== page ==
Nell's Jazz & Blues, London (UK), 22 November 2017

The tours these days may only comprise eight dates rather than the two- or three-month jaunts that would have been undertaken back in the day but if nothing else the final show from this year's circuit proved that one year short of the band's fiftieth anniversary Caravan still have a lot to offer.
Yes, a good portion of the set might have been taken up with all of the songs from the seminal 'Land Of Grey And Pink' album from 1971 (save, alas, 'Winter Wine') as well as featuring a tremendous 'Love In Your Eye'/'For Richard' mash-up but there were also half a dozen songs from the most recent 'Paradise Filter' album, all of which held their own against their hoary and much-loved ancestors.
Plus there was no going through the motions in the playing of those Old Masters; 'Golf Girl' came with added funkiness (as well as spoons by Geoffrey Richardson) and 'Love To Love You' was as crisp and fresh as the day it first pealed out of the speakers.

By pure coincidence the night before I'd watched a recording of the BBC 4 'Prog-Rock Britannia' documentary from a few years back featuring Caravan (amongst all the other usual suspects) in the shape of the late-lamented Richard Coughlan as talking head reminiscing about the early 'Canterbury Scene' days.
In watching I was reminded once again that there was always a bit more to Caravan than the pigeonholing of 'Prog-Rock' would suggest and this show reinforced that notion in its juxtaposition of the more extended instrumental pieces with Pye Hastings' lasting knack of producing instantly catchy pop melodies, witness the joyous 'Trust Me I'm A Doctor' from the new album which could slot in easily on any of those early-seventies classics.
As a fan, for me a show wouldn't be complete without the full nineteen minutes of 'Nine Feet Underground', here gloriously complete with Jan Schellhaas' faithful rendering of Dave Sinclair's fuzz-organ parts but equally I don't want a set comprising nothing but lengthy noodling of the sort their former brethren might have been serving up back in the heyday of the genre.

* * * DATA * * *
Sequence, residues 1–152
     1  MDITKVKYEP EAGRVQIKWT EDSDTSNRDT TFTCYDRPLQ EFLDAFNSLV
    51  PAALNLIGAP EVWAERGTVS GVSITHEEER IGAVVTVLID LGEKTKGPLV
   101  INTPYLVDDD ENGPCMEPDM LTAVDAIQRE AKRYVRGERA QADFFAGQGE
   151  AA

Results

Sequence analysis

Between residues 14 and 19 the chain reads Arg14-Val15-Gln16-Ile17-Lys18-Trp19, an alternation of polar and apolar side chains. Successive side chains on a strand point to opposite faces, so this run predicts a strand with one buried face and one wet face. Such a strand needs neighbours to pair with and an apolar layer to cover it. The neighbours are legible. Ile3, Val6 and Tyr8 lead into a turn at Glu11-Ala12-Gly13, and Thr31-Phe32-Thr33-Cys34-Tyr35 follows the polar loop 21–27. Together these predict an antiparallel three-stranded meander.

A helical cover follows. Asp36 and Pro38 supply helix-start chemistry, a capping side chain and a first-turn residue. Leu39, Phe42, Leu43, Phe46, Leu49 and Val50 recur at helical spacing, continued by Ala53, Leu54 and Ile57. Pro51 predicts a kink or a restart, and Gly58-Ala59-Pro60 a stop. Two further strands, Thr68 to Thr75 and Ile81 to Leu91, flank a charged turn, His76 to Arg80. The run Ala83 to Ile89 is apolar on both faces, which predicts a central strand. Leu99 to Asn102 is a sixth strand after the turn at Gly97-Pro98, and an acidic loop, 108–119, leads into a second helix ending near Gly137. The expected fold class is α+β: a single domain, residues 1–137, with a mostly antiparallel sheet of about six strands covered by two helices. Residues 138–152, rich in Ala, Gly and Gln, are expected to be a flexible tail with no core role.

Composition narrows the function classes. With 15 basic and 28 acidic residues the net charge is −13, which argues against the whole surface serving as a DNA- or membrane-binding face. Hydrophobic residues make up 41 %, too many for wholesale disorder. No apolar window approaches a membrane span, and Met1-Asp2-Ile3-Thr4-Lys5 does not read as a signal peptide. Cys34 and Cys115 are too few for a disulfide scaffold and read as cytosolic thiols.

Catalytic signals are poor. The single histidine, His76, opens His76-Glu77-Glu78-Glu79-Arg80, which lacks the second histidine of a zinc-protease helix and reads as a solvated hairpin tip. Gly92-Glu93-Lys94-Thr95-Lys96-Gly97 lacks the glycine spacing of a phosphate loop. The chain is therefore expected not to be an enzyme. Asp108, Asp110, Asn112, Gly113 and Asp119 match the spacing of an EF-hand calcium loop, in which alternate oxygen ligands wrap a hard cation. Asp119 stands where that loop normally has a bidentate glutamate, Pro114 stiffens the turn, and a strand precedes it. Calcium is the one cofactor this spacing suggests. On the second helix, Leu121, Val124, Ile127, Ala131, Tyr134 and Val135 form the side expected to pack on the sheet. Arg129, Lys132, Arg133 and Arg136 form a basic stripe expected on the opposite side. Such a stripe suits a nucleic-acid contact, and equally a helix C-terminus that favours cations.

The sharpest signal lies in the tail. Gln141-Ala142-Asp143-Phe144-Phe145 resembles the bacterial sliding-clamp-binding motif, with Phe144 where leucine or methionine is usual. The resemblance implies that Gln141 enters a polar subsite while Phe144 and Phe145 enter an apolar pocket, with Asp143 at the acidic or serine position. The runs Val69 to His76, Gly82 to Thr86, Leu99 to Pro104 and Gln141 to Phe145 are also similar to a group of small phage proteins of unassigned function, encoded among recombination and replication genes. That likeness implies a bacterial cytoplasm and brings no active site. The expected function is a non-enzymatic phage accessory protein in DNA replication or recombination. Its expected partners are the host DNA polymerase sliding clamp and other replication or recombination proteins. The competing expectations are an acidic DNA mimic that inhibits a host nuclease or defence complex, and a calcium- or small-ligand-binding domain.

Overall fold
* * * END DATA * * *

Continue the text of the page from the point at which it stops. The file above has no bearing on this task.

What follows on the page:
There's always been a cheerfully pastoral whimsy about Caravan's music, reflective of their Canterbury roots, that marked them out from their peers and happily it survives to this day even though Geoffrey alone of the band still lives in the cathedral city.

There was a real energy to this uplifting performance, if not solely then largely propelled by the band's newest member on drums, Mark Walker, who has filled Richard Coughlan's seat with distinction, emphasising the real tightness of this lineup which was beautifully complemented by the clarity of the sound in this pleasingly intimate venue.
The audience responded accordingly, lapping up the music and being left with a feeling of complete satisfaction at the conclusion of the set.
It'll be interesting to see what the band comes up with to mark the fiftieth anniversary next year where although there's a rich musical history to be celebrated, the evidence of this gig supports the notion that Caravan aren't ready just yet to be parked in the corner of the nostalgia field. <

Review by Antony Randle